That’s no longer true, with the new turbocharged four supplying the requisite muscle to move this midget with moxie. It’s a bit vibratory, however, something even fluid-filled engine mounts haven’t alleviated.
And the transmission tuning is still too fuel-economy minded. Rushing to upshift, requests for more power are met with a firm downshift, noticeable turbo lag and an abrupt onset of power. Shifting manually is a far smoother affair. Clearly, some massaging of the driveline would help immensely, as the basics are here. It’s not a dealbreaker, as others in this class suffer from the same behavior.
Thankfully, engineers reworked the dampers, springs, and bushings, and the result is a far more comfortable ride and more compliance that makes for better ride comfort but without excess body motions. There’s some body lean while cornering, but that’s to be expected with an off-roader. It remains well-controlled, with beautifully weighted steering that proves responsive. Noise is moderate but not objectionable.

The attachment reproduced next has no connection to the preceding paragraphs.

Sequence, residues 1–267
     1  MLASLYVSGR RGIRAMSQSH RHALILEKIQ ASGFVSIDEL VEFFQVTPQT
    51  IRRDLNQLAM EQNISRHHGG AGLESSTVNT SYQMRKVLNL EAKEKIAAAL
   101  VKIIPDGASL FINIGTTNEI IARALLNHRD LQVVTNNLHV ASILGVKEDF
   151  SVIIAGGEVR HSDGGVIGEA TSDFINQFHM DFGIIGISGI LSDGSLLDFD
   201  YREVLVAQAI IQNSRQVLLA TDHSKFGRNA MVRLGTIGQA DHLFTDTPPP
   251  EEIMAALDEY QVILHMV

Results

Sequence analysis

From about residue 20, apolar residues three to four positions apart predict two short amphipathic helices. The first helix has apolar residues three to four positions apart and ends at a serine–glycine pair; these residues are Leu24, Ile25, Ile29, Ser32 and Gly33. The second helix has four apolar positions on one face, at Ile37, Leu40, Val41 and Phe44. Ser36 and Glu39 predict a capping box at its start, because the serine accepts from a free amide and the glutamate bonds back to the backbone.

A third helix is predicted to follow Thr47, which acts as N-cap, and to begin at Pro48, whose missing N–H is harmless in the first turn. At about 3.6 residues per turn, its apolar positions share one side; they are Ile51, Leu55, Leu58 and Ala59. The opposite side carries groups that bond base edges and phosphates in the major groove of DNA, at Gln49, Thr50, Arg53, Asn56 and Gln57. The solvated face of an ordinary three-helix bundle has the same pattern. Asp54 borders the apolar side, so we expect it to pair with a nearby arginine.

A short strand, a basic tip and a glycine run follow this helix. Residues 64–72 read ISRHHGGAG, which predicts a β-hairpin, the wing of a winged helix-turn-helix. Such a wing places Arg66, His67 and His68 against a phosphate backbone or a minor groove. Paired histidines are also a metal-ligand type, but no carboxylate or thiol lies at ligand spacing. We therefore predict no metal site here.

It’s a far better driving experience than you’d imagine.
2023 Jeep Compass Specifications
|L: 173.4 inches/W: 73.8 inches/H: 64.8 inches/Wheelbase: 103.8 inches
|2.0-liter turbocharged 4-cylinder engine, 8-speed automatic transmission, AWD
|24 mpg city/32 mpg highway/27 mpg combined
|200 horsepower and 221 pound-feet of torque
With the 2023 Jeep Compass, Stellantis has finally addressed the maladies that have afflicted this vehicle for far too long, given the competitiveness of this class. It finally possesses the interior and performance worthy of its distinguished looks.
2023 Jeep Compass — Frequently Asked Questions
Is Jeep Compass a reliable car?
Consumer Reports hasn’t rated the Jeep Compass’ reliability. J.D. Power rates it at 79 out of 100 points.
What is the gas mileage for a 2023 Compass?
The EPA rates the 2023 Jeep Compass at 24 mpg city, 32 mpg highway and 27 mpg combined. We got 27 mpg in combined driving.
Is Jeep Compass a true SUV?
Well, somewhat. Jeep’s Active Drive is an all-weather, all-wheel drive system. Trailhawk models are fitted with a low-range crawl ratio similar to a Wrangler, for off-road driving.